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© Borgis - New Medicine 1/2004, s. 17-19
Anna Waluś1, Lidia Wądołowska2, Roman Cichon1,2
Assessment of the Nutritional Status of 16-year-olds from Olsztyn*
1Department of Nutrition and Dietetic, Medical University, Bydgoszcz, Poland
Head of Department: Prof. Roman Cichon, MSc. PhD
2Institute of Human Nutrition, University of Warmia and Mazury, Olsztyn, Poland
Head of Institute: Prof. Roman Cichon, MSc, PhD
Summary
Aim. The aim of the work was the evaluation of the nutritional status of 16-year-olds from Olsztyn.
Material and method. The research included 101 girls and 99 boys aged 16 living in Olsztyn. Their nutritional status was estimated with the use of anthropometric parameters, i.e. body mass and height, arm circumference, and 4 skinfold thickness measurements. The BMI (kg/m2), arm muscle circumference (AMC, cm), fat-free body mass (FFM, kg), fat mass (FM, kg) and fat mass percentage in the body (%FM, %) were calculated. The results were displayed as mean value and standard deviation (x ± SD), and then linked with percentile values taken from Warsaw teenagers´ standards.
Results. Average values of anthropometric indices, i.e. height, body mass, BMI, arm circumference and the subscapular skinfold thickness measurements, for both girls and boys, corresponded with the 25th-75th percentile of those parameters for Warsaw 16-year-olds. Average BMI corresponded with the 50th-75th percentile of the Warsaw boys´ standard. The subscapular skinfold thickness measurements in girls corresponded with the 75th percentile, and the 50th-75th percentile for boys. This showed slightly more fatness in teenagers from Olsztyn, located in the upper part of the body, when compared with the Warsaw figures. In the population distribution analysis of the anthropometric parameters, adequate nutritional status was shown among 50% of young population, while 30% of girls and boys were found to have their body mass, BMI and skinfold thickness measurements above the 75th percentile of standards.
Conclusion. School students from Olsztyn showed proper average body sizes and a little more fatness, situated in the upper part of the body, when compared with the Warsaw teenager standard.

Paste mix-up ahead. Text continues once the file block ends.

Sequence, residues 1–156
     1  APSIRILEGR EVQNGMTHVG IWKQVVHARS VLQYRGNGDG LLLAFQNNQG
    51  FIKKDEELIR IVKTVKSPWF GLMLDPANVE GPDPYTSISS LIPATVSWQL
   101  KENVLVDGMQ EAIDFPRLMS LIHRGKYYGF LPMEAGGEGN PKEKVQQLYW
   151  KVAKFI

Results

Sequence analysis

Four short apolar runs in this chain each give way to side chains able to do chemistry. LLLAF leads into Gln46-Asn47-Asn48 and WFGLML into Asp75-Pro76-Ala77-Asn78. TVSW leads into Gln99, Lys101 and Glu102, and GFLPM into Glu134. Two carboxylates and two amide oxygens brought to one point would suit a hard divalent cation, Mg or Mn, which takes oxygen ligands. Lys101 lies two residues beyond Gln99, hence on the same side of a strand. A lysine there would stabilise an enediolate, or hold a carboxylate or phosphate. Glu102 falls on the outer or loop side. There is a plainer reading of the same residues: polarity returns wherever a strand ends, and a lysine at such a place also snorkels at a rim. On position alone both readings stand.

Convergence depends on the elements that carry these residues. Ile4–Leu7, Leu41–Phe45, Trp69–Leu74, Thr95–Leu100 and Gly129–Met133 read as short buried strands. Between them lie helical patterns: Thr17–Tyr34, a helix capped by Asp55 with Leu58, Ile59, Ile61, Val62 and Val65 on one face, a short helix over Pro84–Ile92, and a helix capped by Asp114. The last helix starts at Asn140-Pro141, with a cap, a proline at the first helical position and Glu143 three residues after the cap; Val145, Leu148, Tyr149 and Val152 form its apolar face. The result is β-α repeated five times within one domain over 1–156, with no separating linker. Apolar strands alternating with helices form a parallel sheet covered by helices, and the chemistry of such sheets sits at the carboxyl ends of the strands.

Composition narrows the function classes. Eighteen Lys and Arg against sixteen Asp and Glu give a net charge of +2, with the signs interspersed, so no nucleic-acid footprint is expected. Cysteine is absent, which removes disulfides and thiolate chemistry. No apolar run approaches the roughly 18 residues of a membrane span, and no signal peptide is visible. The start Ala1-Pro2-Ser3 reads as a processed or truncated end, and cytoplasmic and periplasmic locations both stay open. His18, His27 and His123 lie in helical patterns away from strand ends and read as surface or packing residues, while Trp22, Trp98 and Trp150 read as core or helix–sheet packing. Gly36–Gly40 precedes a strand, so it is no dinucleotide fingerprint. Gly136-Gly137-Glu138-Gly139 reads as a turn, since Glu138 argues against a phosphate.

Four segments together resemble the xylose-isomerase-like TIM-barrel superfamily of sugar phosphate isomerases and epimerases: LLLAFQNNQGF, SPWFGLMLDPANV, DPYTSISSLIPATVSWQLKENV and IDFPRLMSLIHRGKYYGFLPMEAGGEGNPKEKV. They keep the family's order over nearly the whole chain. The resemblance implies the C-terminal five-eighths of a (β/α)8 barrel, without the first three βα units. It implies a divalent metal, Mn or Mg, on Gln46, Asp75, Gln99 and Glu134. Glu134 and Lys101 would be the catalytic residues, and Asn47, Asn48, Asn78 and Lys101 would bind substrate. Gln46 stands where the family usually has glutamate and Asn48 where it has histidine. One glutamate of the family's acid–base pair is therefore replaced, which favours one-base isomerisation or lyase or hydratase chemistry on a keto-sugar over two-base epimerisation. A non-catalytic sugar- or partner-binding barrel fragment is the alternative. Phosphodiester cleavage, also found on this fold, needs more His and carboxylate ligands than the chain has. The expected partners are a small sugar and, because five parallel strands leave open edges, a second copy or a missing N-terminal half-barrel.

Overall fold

INTRODUCTION
Adequate nutrition is one of the most significant environmental factors influencing the level and dynamics of body growth and maintaining the well-being of people. This is particularly important during intensive growth in adolescence of children and teenagers, affecting the adequate course of all processes connected with that period of life on the biological level as well as in the psychological sphere (1, 2).
The aim of the work was the evaluation of the nutritional status of 16-year-olds from Olsztyn.
MATERIAL AND METHOD
The research included 101 girls and 99 boys aged 16, attending high schools of different profiles, in Olsztyn. Subjects for the research were selected by the group method, by schools, and then two or three classes from each school. The research was conducted in Autumn 2002, with the agreement of the Bioethics Commission at the Regional Warmia and Masuria Physicians´ Chamber in Olsztyn (no 49/2001).
Nutritional status was evaluated by anthropometric methods, on the basis of the body mass and height, arm circumference and 4 skinfold thicknesses: triceps skinfold (TSF, mm), biceps skinfold (BSF, mm), subscapular skinfold (SCSF, mm) and suprailiac skinfold (SISF, mm) measurements. On their basis the BMI (kg/m2), fat mass (FM, kg), fat-free mass (FFM, kg), fat percentage in the body (%FM, %) and arm muscle circumference (AMC, cm) (1, 2, 3) were calculated. The results were displayed as mean value and standard deviation (x±SD), and then referred to percentage values determined for Warsaw teenagers (4). The population percentage was calculated in the specified percentage ranges. The statistical analysis was carried out with the computer program STATISTICA PL v.6.0.
RESULTS